According to a report out of Blocktempo, Cypherpunks Taiwan has successfully erected another Bitcoin satellite receiver. The island nation is apparently only the second country in Asia to do so after Japan pipped it to the post last year. This setup takes advantage of the…
According to a report out of Blocktempo, Cypherpunks Taiwan has successfully erected another Bitcoin satellite receiver. The island nation is apparently only the second country in Asia to do so after Japan pipped it to the post last year.
This setup takes advantage of the controversial Blockstream satellite project that CCN previously reported on. Even though China dominates in the Bitcoin mining arena it has a zero-tolerance policy towards the erection of such devices.
And as Andreas Antonopolous clearly explains, this is exactly the scenario in which they may become useful. China is well known for its towering censorship laws and is likely why these reports are first appearing from more progressive cryptocurrency nations like Taiwan.
Setting up the receiver is not as expensive as you might think. This particular installation cost 13,000 Taiwanese dollars (~$418) and required specific components outlined by Blockstream. Cypherpunk Taiwan’s Github page provides a more detailed breakdown of the process.
Running a Bitcoin node via satellite is reportedly quite a hassle, especially as the blockchain approaches 240GB in size. That said, if you have the will or by necessity, you can tap into the Bitcoin blockchain for free 24 hours a day thanks to coverage from Blockstream’s satellite network.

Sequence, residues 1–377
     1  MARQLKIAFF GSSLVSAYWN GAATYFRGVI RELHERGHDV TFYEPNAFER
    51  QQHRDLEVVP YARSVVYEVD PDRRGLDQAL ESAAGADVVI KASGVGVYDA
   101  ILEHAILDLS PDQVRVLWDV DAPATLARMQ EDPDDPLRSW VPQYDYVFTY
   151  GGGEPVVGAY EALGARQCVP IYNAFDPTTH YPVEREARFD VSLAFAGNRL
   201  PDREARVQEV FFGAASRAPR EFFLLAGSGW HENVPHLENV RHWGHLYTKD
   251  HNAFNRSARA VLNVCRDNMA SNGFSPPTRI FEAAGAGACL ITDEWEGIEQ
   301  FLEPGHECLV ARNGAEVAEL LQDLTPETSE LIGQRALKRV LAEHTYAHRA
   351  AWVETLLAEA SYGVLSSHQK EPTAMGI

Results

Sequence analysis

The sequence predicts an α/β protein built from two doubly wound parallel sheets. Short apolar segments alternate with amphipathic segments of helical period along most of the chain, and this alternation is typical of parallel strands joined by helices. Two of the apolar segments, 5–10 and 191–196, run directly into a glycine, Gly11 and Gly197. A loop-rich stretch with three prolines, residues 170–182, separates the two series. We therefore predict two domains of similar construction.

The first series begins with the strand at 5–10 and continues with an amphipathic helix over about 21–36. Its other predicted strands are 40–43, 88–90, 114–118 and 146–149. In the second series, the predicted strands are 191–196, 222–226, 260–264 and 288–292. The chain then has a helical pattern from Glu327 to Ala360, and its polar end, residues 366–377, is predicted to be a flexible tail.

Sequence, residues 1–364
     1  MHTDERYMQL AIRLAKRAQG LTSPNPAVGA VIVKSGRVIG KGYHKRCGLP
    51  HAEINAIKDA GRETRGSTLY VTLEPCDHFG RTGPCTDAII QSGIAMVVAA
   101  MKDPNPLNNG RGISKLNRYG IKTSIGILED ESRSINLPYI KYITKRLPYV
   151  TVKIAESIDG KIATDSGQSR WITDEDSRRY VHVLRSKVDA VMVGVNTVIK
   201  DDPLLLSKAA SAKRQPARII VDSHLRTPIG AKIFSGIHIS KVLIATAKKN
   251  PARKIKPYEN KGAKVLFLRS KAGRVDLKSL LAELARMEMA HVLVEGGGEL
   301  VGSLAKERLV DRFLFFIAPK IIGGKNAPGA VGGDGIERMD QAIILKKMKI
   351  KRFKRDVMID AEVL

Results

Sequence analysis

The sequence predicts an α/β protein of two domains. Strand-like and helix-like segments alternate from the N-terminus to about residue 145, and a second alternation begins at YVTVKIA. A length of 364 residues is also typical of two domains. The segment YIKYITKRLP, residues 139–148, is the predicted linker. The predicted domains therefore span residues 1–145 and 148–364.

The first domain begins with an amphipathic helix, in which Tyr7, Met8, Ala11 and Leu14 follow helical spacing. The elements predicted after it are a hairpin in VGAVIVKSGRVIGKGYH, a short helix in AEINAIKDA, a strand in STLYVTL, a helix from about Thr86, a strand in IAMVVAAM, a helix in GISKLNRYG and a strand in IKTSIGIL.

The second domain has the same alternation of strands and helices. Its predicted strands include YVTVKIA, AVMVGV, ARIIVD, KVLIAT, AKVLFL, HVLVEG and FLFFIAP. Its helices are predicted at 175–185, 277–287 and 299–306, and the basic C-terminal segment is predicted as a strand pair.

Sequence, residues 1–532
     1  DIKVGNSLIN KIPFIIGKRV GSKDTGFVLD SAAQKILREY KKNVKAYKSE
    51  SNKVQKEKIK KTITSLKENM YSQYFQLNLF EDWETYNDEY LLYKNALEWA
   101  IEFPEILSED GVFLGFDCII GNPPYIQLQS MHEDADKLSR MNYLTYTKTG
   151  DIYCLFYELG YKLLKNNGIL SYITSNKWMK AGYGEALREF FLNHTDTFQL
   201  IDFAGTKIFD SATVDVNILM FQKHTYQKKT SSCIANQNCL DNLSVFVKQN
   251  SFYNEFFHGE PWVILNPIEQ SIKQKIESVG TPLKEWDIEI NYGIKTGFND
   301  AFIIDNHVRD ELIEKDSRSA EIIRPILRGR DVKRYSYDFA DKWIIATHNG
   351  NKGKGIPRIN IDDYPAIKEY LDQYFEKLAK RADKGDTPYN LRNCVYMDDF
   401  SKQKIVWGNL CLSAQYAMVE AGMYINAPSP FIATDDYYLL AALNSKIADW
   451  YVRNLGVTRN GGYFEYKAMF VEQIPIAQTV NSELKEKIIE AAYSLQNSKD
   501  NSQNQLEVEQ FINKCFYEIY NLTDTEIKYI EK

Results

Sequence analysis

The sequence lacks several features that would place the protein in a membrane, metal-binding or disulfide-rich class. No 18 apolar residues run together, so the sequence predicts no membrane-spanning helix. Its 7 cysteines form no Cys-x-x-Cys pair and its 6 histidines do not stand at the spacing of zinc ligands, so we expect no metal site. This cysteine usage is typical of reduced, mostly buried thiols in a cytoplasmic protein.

This established builder provides an in-depth tutorial if you’re looking to go it alone.
Currently, the installation can only receive messages due to Taiwan’s strict transmission regulations. In the meantime co-sponsor of the Cypherpunk Taiwan project, Chen Bowei, confirmed that they are looking into obtaining a license. He also went on to say that storing blockchain data is only one application of this technology:
Information received by the satellite receiver is not just for trading over the Bitcoin network, but also information from all over the world. For example, the previous Nakamoto Chong Treasure hunt is transmitted via Bitcoin satellite.
Developers are also exploring ways of sending and publishing uncensored news. One developer, known only as SafetyFirst, believes this will provide another medium for reporters in countries with tightly controlled media.
Blockstream’s coverage is excellent in most parts of the world, particularly in Africa where internet infrastructure has not caught up with the West. Provided entrepreneurs have the skills and can get the funds needed, sending Bitcoin through space may become a feasible alternative.